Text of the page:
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Two major banks in Europe worry about contagion, look to regulators for reassurance

Two major banks in Europe worry about contagion, look to regulators for reassurance

Authors Stefania Spezzati and Elisa Martinuzzi

LONDON (Reuters) – At least two of Europe’s biggest banks are examining contagion scenarios in the region’s banking sector and are asking the Federal Reserve and ECB to step in with stronger signals of support, two senior executives familiar with the deliberations told Reuters.

The fallout from the crisis of confidence at Credit Suisse Group AG and the failure of two U.S. banks could continue to ripple through the financial system next week, two executives told Reuters on Sunday.

The two banks held their own internal deliberations on how quickly the European Central Bank should weigh in to highlight the banks’ resilience, particularly their capital and liquidity positions, the people said.

A key focus of these internal discussions is whether such statements could backfire and cause more panic if made too soon, the people said.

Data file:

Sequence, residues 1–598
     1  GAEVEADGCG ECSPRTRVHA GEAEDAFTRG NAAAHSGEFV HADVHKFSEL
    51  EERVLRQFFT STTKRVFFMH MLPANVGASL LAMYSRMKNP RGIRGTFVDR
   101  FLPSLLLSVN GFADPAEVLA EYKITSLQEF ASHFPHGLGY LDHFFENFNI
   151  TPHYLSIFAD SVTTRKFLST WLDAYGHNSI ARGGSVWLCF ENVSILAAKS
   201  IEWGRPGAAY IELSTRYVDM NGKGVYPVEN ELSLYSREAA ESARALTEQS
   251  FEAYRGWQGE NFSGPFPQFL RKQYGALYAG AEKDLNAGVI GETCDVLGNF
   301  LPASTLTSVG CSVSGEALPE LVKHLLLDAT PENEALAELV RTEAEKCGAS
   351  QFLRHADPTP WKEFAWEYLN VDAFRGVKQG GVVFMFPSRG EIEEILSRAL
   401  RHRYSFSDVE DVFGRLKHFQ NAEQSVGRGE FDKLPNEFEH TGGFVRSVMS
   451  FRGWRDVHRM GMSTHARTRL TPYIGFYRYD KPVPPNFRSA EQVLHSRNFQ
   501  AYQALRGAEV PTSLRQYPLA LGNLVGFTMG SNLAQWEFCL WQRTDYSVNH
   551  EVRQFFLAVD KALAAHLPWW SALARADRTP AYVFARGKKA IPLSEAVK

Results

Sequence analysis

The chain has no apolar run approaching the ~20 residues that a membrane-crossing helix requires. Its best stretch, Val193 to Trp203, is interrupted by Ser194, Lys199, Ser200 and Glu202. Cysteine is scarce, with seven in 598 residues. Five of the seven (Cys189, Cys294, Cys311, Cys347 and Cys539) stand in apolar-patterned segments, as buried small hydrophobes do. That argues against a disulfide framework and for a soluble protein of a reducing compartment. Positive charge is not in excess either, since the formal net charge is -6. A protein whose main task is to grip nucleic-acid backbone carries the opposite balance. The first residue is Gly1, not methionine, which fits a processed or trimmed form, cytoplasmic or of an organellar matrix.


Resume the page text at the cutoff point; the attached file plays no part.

Executives say their banks and sector are well capitalized and liquidity is strong, but they fear a crisis of confidence will affect more creditors.

One executive said the Federal Reserve may have to move first as the failures of Silicon Valley Bank and Signature Bank in the United States have raised concerns in Europe. The ECB declined to comment. A Fed spokesman had no immediate comment.

On Thursday, the ECB stuck to plans to raise rates by half a point to curb inflation. But she emphasized that she is monitoring the tensions on the market and will react as necessary to preserve price stability and financial stability in the currency bloc.

As one of 30 global systemically important banks, Credit Suisse’s problems could spread throughout the financial system, industry executives said.

As regulators want a resolution to Credit Suisse’s crisis of confidence before markets reopen on Monday, one source warned that talks with UBS Group AG are running into significant hurdles and may have to cut 10,000 jobs if the two banks merge, Reuters reports .

(Additional reporting by Balazs Koranyi and Dan Burns. Writing by Dhara Ranasinghe; Editing by Paritosh Bansal)

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